Tuesday, June 28, 2016

Top Ten Books I Was "Forced" to Read



Top Ten Books I Was "Forced" to Read

How's the summer reading list going? I feel like kids have it lucky these days. I've crossed paths with people who were "forced" to read fun stuff like The Hunger Games, The Maze Runner, and Harry Potter. Here's the worst and best of my "assigned reading" days.


The Worst:

Moby Dick - Oh man, few books can strike fear into my heart like this one. So slow. Let's go watch paint dry and come back. I appreciate the allegory, but I recently watched "The Heart of the Sea" and had phantom pains. Maybe I just love whales too much to see them killed...

Death Of A Salesmen - Oh why did have to be assigned to read it twice?? The grandfather of all realistic "slice-of-life" family dramas. I appreciated it more the second time around, but seriously.

Ethan Frome - Like Days Of Our Lives, so is the scandal this man causes. It's a page-turner towards the end, but I still fail to see why my school thought this was a good choice for teenagers.

Where The Red Fern Grows - As if reading about the sweet dogs once wasn't enough, I had to bear the pain twice. Great story...except for the ending. I guess it's a heartbreaking right of passage.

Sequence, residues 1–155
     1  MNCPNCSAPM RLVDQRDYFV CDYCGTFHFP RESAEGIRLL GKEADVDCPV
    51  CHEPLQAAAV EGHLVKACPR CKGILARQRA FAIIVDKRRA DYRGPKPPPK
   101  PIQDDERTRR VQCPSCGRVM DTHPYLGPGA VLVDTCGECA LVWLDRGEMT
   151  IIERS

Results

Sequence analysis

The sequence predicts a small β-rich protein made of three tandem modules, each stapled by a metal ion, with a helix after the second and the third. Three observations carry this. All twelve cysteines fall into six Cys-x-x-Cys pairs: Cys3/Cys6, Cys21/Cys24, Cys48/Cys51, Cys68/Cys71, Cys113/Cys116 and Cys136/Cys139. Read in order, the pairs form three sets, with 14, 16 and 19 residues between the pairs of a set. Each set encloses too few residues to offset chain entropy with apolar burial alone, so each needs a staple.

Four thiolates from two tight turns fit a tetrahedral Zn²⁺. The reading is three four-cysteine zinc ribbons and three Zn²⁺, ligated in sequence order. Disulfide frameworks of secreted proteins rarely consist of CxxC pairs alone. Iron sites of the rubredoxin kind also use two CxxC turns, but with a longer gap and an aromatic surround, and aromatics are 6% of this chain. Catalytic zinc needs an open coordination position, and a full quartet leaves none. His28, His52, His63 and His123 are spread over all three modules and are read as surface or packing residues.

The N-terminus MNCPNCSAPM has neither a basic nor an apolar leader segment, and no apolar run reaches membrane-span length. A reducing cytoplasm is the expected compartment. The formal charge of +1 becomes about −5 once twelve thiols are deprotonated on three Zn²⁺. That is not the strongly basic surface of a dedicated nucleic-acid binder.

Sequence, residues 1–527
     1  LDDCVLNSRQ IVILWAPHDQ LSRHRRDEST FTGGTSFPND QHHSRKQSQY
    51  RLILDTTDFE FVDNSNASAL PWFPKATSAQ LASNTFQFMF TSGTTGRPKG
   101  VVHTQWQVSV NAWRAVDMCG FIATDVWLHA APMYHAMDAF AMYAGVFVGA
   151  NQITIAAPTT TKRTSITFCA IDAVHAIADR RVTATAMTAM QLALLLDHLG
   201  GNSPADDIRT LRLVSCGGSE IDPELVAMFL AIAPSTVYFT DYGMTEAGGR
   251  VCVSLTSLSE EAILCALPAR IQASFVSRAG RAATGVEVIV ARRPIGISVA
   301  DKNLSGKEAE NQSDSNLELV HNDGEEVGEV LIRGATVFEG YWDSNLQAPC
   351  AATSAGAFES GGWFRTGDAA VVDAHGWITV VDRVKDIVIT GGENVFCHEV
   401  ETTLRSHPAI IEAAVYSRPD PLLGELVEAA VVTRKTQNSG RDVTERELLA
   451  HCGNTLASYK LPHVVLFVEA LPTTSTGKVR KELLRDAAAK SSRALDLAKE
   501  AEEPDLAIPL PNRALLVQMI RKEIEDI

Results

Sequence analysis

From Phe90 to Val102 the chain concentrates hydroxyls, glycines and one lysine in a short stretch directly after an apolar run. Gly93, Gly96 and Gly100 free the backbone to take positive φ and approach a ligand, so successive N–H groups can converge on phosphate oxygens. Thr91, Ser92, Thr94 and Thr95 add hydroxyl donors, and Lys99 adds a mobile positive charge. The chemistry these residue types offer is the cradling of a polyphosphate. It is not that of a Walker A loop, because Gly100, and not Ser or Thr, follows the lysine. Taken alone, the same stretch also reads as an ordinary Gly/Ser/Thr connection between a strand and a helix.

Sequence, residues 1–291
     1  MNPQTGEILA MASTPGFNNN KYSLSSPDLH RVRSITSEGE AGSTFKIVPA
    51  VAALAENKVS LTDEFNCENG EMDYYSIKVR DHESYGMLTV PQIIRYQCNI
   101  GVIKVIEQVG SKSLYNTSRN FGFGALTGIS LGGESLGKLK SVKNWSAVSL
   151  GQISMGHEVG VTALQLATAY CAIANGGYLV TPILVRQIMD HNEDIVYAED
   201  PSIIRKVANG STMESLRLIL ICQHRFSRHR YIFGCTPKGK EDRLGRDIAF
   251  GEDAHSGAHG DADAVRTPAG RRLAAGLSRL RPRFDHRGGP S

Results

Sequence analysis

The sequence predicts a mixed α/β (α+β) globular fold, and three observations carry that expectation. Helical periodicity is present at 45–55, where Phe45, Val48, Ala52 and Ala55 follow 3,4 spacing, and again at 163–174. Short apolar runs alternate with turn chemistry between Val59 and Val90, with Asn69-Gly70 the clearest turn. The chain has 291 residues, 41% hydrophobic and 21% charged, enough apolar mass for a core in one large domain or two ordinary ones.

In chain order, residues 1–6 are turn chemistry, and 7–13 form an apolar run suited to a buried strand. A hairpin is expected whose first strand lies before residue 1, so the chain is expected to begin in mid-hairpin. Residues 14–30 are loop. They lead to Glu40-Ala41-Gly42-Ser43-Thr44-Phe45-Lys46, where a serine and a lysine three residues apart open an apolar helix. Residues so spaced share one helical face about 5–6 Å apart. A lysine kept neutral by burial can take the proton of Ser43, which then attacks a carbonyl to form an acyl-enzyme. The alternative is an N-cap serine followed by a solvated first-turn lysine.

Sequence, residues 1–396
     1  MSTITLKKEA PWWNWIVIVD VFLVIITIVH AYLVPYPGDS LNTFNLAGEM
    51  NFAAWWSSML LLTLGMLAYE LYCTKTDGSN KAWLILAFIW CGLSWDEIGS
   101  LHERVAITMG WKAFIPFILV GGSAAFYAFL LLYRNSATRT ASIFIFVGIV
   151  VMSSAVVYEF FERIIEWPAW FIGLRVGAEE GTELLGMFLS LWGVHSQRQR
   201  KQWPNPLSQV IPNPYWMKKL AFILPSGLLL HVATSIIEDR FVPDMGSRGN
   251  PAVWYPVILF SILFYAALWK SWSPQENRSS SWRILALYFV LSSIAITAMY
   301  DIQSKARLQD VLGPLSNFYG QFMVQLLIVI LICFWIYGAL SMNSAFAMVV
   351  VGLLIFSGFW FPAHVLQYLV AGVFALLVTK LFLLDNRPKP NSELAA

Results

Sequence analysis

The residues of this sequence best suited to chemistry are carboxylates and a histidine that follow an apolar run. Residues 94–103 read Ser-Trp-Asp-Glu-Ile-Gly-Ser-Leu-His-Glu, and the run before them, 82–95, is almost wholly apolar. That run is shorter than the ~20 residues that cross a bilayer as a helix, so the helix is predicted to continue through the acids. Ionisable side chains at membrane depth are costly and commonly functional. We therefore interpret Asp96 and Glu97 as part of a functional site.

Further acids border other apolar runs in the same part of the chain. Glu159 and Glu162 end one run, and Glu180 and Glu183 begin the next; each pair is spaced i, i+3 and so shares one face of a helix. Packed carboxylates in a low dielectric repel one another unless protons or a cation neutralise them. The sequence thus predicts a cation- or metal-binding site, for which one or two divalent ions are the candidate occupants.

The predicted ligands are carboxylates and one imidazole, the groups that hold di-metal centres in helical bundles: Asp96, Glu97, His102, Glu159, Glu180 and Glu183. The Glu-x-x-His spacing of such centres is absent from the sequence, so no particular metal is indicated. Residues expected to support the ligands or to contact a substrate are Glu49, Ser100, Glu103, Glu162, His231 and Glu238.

The Odyssey - Some parts are very exciting, but anything involving Greek gods typically leaves me feeling overwhelmed. Kinda like jumping into a comic series and knowing the characters all have complex backstories, but it would take forever to fully understand it.




The Best:

The Once and Future King - Having loved Disney's "Sword in the Stone," "First Knight" starring Richard Gene and Sean Connery, and seeing the musical of "Camelot", this was perfect for me. I have a soft spot in my heart for medieval times.

To Kill A Mockingbird - Ditto, as I was introduced to the movie very young. An easy read for a Southern gal who ran around her small town neighborhood with her cousins all summer long. We never ran into the drama of this book, but the simple, adventurous spirit was there.

The Diary of Anne Frank - Heartbreaking, but an important, relatable book for teenage girls. By the end of it, she feels like your pen pal. It gives a face and voice to the horrors of war.

Hatchet - Again, growing up in the rural South, this was a big deal. Our teacher actually invited a survival expert to speak to us after we finished the novel. We were prepped and ready to survive the Hunger Games, before the Hunger Games existed...great fun.

The Hobbit - Imaginative adventure and wonderful writer. I enjoyed it, but that ending...*spoiler alert* Bilbo and his blackout...that's my story and I'm sticking to it!

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